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Sane Guruji Arogya Kendra

Sane Guruji Arogya Kendra is 250 bedded Sane Guruji Arogya Kendra. We have treated 14,849 inpatients and 1, 71,000 out patients in the current financial year i.e. 1st April 2015 to 31st March 2016, with in-house staff and all up-to-date facilities. It is remarkable that the quality of healthcare being comparable with any other modern hospital, patients receive treatment either free or at a substantial concessional rate.

Hospital has the following Outdoor Patient Departments:
  • Kaumarbhritya (Pediatrics)
  • Shalya Tantra (Surgery)
  • Kayachikitsa (Medicine)
  • Physiotherapy
  • Rasashastra, Dravyaguna, Samhita and Swasthya
  • Strirog Prasuti Tantra (Gynecology and Obstetrics)
  • Shalakya Tantra (ENT, Ophthalm & Dental)
  • Casualty
  • Special OPD for Diabetes
  • Panchakarma
  • Kayachikitsa Atyayik
Following essential facilities are available in the hospital:
  • Intensive Care Unit
  • Physiotherapy Unit
  • Well equipped Pathology Laboratory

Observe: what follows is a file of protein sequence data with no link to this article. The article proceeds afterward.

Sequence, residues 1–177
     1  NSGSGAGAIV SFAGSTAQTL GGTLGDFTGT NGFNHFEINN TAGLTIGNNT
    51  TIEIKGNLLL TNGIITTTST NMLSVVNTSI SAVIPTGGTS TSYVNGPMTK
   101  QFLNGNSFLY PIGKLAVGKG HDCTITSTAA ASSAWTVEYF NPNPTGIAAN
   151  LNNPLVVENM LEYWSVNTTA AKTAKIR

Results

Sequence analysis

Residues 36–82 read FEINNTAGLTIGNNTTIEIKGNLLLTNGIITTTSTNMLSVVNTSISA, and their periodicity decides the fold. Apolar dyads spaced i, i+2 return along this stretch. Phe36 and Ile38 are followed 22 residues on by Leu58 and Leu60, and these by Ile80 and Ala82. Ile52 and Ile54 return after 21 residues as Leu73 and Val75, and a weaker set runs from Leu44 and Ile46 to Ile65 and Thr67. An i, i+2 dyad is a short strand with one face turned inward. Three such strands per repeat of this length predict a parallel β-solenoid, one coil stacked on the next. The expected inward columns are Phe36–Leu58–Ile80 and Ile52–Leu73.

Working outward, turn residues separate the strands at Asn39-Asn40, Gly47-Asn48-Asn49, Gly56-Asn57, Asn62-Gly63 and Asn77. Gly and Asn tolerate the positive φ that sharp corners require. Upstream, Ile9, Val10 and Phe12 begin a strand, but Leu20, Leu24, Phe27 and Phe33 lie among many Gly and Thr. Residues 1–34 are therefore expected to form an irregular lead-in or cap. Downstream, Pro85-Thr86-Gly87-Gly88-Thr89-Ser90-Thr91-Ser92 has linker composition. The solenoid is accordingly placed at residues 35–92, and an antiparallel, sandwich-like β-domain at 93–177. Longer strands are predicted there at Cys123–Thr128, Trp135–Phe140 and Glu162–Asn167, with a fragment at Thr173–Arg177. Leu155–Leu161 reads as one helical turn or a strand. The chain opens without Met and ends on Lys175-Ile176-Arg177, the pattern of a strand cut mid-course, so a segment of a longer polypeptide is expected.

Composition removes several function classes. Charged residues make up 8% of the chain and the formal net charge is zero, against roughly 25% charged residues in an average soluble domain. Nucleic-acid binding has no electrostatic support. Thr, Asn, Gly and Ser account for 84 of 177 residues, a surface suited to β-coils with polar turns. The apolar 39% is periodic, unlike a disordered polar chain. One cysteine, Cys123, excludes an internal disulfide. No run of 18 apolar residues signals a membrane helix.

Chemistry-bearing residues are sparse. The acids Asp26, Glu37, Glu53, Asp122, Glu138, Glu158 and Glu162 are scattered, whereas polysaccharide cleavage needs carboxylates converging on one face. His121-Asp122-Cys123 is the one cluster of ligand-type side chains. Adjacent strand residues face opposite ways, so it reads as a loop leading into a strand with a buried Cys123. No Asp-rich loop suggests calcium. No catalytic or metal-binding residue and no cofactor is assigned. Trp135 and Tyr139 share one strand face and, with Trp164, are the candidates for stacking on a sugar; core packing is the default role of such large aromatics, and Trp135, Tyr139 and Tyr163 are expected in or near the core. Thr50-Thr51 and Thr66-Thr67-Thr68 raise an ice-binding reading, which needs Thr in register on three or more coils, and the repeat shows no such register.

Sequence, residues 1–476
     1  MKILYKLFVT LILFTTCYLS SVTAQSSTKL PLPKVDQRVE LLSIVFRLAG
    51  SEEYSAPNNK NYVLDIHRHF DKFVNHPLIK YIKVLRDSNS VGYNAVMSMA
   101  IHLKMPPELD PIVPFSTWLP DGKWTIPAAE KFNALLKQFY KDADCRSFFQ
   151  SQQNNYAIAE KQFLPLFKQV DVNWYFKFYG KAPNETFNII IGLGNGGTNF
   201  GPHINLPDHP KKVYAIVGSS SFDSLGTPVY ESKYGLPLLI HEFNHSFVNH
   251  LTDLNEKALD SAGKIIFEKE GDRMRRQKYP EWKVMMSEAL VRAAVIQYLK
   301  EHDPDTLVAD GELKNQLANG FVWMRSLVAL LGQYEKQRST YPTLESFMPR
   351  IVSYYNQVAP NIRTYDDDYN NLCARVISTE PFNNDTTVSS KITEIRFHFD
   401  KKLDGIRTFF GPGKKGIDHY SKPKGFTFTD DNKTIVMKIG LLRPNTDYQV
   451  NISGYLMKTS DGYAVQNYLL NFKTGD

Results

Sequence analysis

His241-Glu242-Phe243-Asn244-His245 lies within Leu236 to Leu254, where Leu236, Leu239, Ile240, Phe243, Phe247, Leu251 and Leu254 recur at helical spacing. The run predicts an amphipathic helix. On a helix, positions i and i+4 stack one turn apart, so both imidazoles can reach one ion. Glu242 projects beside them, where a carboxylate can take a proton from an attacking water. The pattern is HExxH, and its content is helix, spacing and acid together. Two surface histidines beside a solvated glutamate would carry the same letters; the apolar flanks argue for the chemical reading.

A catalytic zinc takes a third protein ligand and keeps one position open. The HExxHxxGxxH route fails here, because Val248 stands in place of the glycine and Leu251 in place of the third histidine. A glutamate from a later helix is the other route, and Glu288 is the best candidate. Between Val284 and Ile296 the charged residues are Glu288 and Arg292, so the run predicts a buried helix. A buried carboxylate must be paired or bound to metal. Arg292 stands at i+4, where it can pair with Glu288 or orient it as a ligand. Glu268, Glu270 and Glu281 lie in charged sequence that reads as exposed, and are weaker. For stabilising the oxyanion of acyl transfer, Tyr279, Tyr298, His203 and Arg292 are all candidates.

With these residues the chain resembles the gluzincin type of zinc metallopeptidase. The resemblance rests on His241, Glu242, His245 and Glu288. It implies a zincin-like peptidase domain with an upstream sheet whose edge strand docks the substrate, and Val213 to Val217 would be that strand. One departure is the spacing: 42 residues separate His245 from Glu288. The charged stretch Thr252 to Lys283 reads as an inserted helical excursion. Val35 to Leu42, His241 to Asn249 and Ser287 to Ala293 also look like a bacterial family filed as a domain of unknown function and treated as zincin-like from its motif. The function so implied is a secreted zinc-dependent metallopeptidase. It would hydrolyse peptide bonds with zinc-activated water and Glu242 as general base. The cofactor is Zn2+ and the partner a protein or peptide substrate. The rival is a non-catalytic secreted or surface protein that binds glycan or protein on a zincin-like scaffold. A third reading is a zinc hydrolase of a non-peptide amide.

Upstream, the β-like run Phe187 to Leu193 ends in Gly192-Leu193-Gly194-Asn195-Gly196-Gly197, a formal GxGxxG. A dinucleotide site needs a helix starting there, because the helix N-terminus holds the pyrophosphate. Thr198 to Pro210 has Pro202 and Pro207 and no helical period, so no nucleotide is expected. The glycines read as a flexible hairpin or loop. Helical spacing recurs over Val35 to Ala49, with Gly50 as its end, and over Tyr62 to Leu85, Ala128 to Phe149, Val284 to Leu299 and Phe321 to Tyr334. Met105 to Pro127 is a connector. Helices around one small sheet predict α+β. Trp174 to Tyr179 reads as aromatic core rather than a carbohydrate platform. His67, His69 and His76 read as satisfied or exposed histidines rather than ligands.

• 24 hrs emergency services
  • Mother and Child Welfare Centre
  • HIV & AIDS Counseling Centre (ICTC)
  • NICU
  • District TB Centre (DOTS Centre)
  • Full fledged State of the art Panchakarma unit.
  • Well equipped State of the art Operation Theatre
  • Radiology Dept. - X-Ray, Sonography, E.C.G., 2-D Echo & Color Doppler
Limca Book of Record (Free Squint Corrective Surgery Camp) at Sane Guruji Hospital :

A Free Squint Corrective Surgery Camp was organized at Sane Guruji Hospital in association with Pune Netra Seva Pratishthan (NGO from Pune) and Sarva Mangal Madhurum Trust (A Mumbai NGO) on 29th to 1st June 2009. Initial checking of squint patients was done at 14 centres in Maharashtra state and the patients were selected primarily. After all requisite tests at Sane Guruji Arogya Kendra 132 patients were admitted on 29th May 2009. Seven surgeons and six anesthetists performed the operations.

Total 132 patients were operated successfully during the camp. This event made it into the Limca Book of Records (an Indian version of Guinness book of records). The event received wide spread media attention. The patients operated had a rural background and were financially poor. Accommodation, medicine, transport and food was provided free of cost.